Photos by Aaron S. Terry, Stadium Journey
Stadium Info FANFARE Score: 2.71
Eddie C. McGirt Field at Irwin Belk Complex 500 N Summit Ave Charlotte, NC 28216
Year Opened: 2003
No Bull at Johnson C. Smith
Eddie C. McGirt Field at Irwin Belk Complex is named after former JCSU football coach Eddie McGirt, who coached the team from 1959 to 1977, and led the Golden Bulls to their only CIAA championship in 1969. The complex opened in 2003 and includes the 4,500-seat football stadium whose field is named after McGirt. There is also an Olympic-sized track surrounding the field.
Food & Beverage 3
McGirt Field offers concessions from two stands inside the grandstand – there are actually four stands but only two are open for football games. The menu has a pretty good selection including wings, nachos, burgers, hot dogs, sausage dogs, pickles, candy, lollipops, chips, fish sandwiches, and fish combos with fries, plus bottled water and bottled Coke products. The lines tend to be long since there are only the 2 stands open, and the prices for some items are on the high side. They also might run out of certain items by halftime, so be sure to go early if you want something specific. Also note the concessions only take cash, so plan accordingly.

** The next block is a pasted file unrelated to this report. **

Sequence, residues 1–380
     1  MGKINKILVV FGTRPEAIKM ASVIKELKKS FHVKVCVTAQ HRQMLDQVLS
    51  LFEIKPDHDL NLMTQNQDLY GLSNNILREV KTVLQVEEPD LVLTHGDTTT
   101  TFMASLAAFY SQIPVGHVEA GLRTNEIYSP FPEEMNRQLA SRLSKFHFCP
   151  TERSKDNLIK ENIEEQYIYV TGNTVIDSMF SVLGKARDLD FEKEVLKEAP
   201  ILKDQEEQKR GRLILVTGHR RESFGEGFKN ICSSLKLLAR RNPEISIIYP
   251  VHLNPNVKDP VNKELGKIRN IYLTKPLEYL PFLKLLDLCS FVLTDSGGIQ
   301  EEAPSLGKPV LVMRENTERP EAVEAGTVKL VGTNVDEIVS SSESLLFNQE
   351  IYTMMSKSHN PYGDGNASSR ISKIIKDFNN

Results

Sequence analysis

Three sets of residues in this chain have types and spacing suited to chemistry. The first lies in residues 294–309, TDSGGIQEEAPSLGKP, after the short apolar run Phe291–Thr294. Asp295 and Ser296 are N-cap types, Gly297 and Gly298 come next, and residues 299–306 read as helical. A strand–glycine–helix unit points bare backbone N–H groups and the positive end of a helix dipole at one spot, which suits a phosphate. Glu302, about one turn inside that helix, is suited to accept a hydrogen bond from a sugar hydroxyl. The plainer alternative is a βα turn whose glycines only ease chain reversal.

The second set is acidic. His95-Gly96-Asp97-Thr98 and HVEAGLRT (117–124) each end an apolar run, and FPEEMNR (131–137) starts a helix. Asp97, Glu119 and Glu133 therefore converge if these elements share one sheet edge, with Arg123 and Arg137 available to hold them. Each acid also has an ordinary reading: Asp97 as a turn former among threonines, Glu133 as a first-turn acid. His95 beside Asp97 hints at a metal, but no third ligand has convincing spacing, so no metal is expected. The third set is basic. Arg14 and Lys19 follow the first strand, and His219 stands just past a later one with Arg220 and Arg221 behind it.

McGirt Field only has one grandstand, along the southwest sideline – there is no seating on the other side or behind the end zones, except for field-level club seating under a blue-and-gold-tent on the northwest side. There is a track around the football field and a giant statue of a bull behind the club seating, as well as a scoreboard on that side. However, the scoreboard wasn’t working during my most recent visit, and the referee’s microphone wasn’t working either, so it was hard to keep track of the score, down and distance, and time left in the game. On the plus side there are several sets of furniture inside the grandstand (patio tables and chairs), which are a comfortable place to sit and eat, or just relax during the contest away from the sun – unfortunately you can’t see the games from these.